eu.net/ http://www.coffeereview.html National/ local newspapers www.de/ http://www.blackapollo.de www.no/arena/ http://www.co.html http://www8.uk/ http://www.com/ http://www.uk/cafindex. especially in relation to the increasing number of one-person households and the increasing divorce rate.int www.uio.ieis.com/ Coffeshop magazins: Café Bistro.cosmoworlds.com/ http://www. Weekly The EU cannot be considered as a heterogeneous environment.lu/ http://www.mzes. As a result. trends and consumer preferences.unimannheim.demon.mercator-education.STARBUCKS COFFEE Remote Analysis MHA – October 2001 sized cities. Gazzetino.int/commun/eurostart www. Starbucks have to consider encompassing /adapting to the local customs and culture.eu. minority and psychographic sensibilities.es/mercator Monthly A major consideration for Starbucks when entering the European market will be the existing cultural and language diversities. The average number of European divorces has grown Ecole Hôtelière de Lausanne 26 .org/ http://www.troc. (See social-cultural appendix 12/ psycho graphic) Social change Weekly Starbucks’ European performance relies on the development of its’ European customers/ target group.eu.freshcup.europa.com/ http://www.cao. Key value drivers: lifestyle. due to several national.trendsresearch.de/projekte/mikrodaten/drafts/index. locations and marketing strategies in order to suit regional and country preferences. http://teaandcoffee.lifestyle.mzes.uni-mannheim.co. the company must carefully monitor any social changes.com/ http://www.sv. cultural specific consumer preferences.europa.int www.go. Key value drivers: culture/ language diversity Brief outlook: trend towards culture/ region diversity (See social-cultural appendix 12/ culture/language) Psycho graphic www. trends. Starbucks (mainly the local joint-venture partner) must therefore carefully assess these social-cultural/ trend diversities.ecmi.coffeetalk. in order to modify key characteristics of their products. (See social-cultural appendix 12/ demographic) Culture/language www.jp/danjyo/english/plan2000/1999/p1c202.cor. Each European country has its own specific definition of lifestyle.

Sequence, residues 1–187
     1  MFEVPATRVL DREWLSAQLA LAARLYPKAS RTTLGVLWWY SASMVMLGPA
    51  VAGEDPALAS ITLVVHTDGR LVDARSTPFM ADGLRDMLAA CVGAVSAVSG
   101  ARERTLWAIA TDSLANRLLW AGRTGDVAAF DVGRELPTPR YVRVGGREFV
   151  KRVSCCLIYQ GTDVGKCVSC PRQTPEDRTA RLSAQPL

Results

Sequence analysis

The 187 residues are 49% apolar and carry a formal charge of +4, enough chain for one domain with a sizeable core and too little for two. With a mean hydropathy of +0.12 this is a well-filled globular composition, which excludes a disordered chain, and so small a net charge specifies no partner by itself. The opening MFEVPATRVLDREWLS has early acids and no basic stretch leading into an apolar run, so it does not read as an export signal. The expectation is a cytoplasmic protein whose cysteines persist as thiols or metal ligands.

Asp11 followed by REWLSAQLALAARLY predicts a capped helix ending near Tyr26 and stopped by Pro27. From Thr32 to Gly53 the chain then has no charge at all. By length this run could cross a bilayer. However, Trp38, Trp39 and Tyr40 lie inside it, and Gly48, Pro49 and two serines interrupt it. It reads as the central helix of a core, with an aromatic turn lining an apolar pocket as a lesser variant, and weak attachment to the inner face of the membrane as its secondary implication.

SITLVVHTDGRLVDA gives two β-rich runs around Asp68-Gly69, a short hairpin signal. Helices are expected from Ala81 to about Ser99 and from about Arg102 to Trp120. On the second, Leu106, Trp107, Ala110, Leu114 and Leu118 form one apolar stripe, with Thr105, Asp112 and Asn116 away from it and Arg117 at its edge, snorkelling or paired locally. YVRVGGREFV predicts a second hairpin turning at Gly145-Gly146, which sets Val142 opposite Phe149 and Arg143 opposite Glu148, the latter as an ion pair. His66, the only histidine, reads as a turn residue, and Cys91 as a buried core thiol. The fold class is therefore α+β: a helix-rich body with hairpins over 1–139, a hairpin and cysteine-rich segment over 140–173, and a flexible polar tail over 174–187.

3%) and nuclear family households (U. especially the social relationships of individuals in social environments and their behaviors as consumers.int/comm/dg10/epo/eb/eb55/highlights.1% U. (See social-cultural appendix 12/ social-change) Public opinion www.html#153 www. traditionally adapting earlier to American trends. EU 2.edu/~reichenb/recent/resch_euro_po/resch_e Daily uro_po. the decreasing number of ‘nuclear family households’ will change the traditional European social classes.htm http://europa.K. divorced couples.8% in 1987. LPF.eu. nuclear family households. is already leading the way in regard to number of divorces (U. The U.nira. As a consequence.3 % (49.K.5 %.households has boosted to 11. unemployment rate.tufts. and higher Dependency Ratio of older people.0 % (32. Ecole Hôtelière de Lausanne 27 .) in 1970 to 41. family circle.78% in 1985.S. EU 41. The average number of European lone parent families (LPF) has risen to 2.go. income.8% U.com/english/general_gb/tope_2_gb.3%) in Europe.. Key value drivers: one-person households.7% in 1998 from 9.STARBUCKS COFFEE Remote Analysis MHA – October 2001 html from 13.html http://www. divorce rate.S. and population growth. Starbucks will have to manage an already influenced public opinion whereby countries are trying to protect their own cultural diversity.jp/ice/tt-info/nwdtt99/id-eur. The number of one-person. 51%.) in 1998.canalipsos.K. 5.3% in 1999 from 1.h tml As an American company entering the European market. Brief outlook: The future trend in Europe will follow the American trend towards an increasing number of single households.